Developers Can Leverage OpenTelemetry to Achieve Fuller Visibility
May 25, 2023

Michael Olechna

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Observability is currently a hot topic. Businesses and consumers are increasingly relying on digital apps for everyday functions, which means every company needs a high performing app or website. When you take a minute to evaluate why, the numbers quickly make sense.

In 2025, the number of mobile users worldwide is projected to reach 7.49 billion. And as digital adoption continues to grow, so does users' quality expectations. Each one of those users, including developers, is expecting a frictionless, high-quality experience.

As end-user experiences become more connected with an organization's bottom line, a solution to catch performance hiccups becomes necessary. Hence the adoption of front-end observability through initiatives like digital experience monitoring. And who better to execute this initiative than the developers writing the code. But there's a problem with traditional observability tools tailored for DevOps, SRE, and IT teams.

Developers need a tool that can be portable and vendor agnostic, given the advent of microservices. It may be clear an issue is occurring; what may not be clear is if it's part of a distributed system or the app itself. Enter OpenTelemetry, commonly referred to as OTel, an open-source framework that provides a standardized way of collecting and exporting telemetry data (logs, metrics, and traces) from cloud-native software.

Prior to the onset of OpenTelemetry, there was a lack of standardization when collecting and instrumenting telemetry data. When it came to code instrumentation, there was significant variation. Due to this variation, the result was a lack of data portability and a burden on the developer to maintain large, complex instrumentation libraries.

This doesn't just add significant time and effort on the developer's part. This directly impacts visibility into app performance, potentially leading to a negative end user experience. It also creates vendor lock-in and inefficiencies that can be costly for an organization, further affecting business revenue.

As the market shifts toward developer-first observability, the need for a solution like OTel becomes readily apparent — explaining its rapid rise in popularity since its launch in 2019. OTel gave developers a way to ingest, view, and export telemetry data. The best part (or one of many)? It's vendor agnostic.

This unified method of collecting data makes it easier for modern development teams to get a clearer, more complete picture of their apps' health and performance. The platform also provides a rich set of APIs and SDKs that are also vendor agnostic. With full control of their data, development teams can quickly instrument cloud-native apps and get started with ease.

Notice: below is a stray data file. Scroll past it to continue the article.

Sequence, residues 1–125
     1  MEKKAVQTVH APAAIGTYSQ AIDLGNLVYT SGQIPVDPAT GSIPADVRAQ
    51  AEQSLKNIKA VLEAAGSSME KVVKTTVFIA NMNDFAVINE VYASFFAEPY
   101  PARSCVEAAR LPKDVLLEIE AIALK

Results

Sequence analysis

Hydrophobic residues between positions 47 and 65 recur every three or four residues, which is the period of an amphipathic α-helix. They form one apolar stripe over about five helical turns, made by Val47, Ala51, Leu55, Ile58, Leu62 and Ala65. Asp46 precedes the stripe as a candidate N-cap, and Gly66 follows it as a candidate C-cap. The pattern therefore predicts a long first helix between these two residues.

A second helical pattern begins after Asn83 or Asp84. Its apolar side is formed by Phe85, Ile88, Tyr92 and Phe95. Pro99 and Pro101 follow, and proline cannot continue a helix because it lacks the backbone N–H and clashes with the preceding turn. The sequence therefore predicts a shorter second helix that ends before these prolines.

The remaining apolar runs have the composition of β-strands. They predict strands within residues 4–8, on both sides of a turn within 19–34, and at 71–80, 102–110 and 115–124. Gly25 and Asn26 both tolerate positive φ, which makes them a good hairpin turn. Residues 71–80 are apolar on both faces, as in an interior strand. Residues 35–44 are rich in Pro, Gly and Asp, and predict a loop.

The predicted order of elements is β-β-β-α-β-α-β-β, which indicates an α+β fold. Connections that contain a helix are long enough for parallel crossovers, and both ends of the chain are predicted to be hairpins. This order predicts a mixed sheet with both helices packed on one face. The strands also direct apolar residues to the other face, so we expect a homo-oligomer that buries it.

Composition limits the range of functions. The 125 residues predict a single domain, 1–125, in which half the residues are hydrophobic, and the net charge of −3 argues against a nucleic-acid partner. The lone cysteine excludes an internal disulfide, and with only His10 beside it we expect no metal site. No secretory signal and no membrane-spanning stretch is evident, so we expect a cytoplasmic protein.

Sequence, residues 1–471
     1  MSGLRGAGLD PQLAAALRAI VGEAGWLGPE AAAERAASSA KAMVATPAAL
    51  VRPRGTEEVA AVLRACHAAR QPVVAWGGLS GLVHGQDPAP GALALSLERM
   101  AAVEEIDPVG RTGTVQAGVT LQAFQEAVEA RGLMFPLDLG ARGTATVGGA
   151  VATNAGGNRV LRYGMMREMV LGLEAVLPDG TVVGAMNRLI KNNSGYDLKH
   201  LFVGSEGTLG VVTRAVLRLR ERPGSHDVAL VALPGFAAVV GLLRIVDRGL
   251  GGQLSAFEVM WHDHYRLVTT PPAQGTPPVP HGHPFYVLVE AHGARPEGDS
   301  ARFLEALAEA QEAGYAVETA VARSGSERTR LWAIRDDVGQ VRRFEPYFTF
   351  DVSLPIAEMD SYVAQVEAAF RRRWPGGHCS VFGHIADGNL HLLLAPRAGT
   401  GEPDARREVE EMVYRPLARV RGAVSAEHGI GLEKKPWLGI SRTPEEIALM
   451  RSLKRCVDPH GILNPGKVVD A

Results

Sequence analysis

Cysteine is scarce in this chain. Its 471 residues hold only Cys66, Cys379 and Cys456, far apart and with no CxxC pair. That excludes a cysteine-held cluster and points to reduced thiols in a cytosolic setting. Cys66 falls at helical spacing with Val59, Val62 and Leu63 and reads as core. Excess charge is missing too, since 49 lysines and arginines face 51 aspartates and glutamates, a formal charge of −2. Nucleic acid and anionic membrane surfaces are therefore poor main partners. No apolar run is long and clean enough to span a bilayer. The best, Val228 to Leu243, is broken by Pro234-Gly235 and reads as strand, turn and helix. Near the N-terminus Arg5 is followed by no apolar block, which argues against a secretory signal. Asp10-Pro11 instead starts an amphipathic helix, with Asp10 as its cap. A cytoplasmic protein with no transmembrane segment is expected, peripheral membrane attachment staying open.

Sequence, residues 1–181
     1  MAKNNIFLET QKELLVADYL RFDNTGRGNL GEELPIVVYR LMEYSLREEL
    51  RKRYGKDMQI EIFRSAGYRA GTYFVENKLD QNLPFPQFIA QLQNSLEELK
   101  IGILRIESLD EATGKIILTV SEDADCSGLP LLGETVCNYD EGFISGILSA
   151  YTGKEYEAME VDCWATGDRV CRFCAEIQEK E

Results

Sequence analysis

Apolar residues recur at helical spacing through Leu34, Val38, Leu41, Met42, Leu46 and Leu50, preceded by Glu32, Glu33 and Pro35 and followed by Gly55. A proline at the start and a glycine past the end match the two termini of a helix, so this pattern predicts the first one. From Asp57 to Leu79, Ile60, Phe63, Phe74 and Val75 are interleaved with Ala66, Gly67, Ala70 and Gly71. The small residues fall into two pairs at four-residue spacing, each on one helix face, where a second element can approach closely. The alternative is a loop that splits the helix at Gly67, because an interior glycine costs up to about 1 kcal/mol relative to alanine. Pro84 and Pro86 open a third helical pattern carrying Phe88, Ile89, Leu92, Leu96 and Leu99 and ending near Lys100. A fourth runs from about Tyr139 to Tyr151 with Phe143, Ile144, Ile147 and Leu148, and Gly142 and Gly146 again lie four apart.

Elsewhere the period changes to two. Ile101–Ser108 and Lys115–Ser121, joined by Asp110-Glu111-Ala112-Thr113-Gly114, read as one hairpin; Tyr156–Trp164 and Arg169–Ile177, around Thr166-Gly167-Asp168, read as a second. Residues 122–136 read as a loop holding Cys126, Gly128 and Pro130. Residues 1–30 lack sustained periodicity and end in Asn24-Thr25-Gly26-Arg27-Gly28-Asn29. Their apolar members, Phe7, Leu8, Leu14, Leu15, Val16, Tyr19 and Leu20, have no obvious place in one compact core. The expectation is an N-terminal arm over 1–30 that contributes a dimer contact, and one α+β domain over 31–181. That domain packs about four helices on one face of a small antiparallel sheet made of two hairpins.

When drilling down into specific benefits, perhaps the most important feature is OTel's versatility. In addition to being vendor agnostic, the platform supports a wide range of vendors, both commercial and open source.

This is key to developers being able to leverage their telemetry data long-term because they have the ability to take it with them. Should they choose to change vendors, it's as easy as exporting their OTel data to their new vendor. This eliminates the manual and time intensive process of data re-instrumentation.

When discussing use cases for these benefits, three specific examples immediately come to light. The first is faster identification of performance bottlenecks. By examining telemetry data in OTel, teams can determine performance bottlenecks by tracking the time it takes to execute individual operations. Leveraging this information provides critical context to help solve application performance issues and optimize app performance.

The second use case is troubleshooting problems. OTel provides a single source of truth for all telemetry data in a distributed system. Thus, development teams can track the flow of execution through their systems by examining OTel data. Developers can track down the root cause of the issue for faster resolution and ensure they are treating the cause, not a symptom.

The third use case, data control, relates to one of the key benefits — OTel's versatility. OpenTelemetry is designed to work and integrate with various observability tools and platforms. This includes backends and popular tracing systems like Jaeger, as well as other metrics and logging solutions.

Again, this puts data control back in the hands of developers. They can select the tools they are comfortable with or continue using what's already in their workflow, while maintaining a clear view of their app's telemetry data.

By adopting OpenTelemetry, developers gain fully contextualized visibility into their distributed applications. In turn, they're able to identify performance bottlenecks faster, get down to the root cause to debug issues, optimize their resource utilization, and improve the overall reliability and user experience of their software systems.

Michael Olechna is Product Marketing Manager for BugSnag at SmartBear
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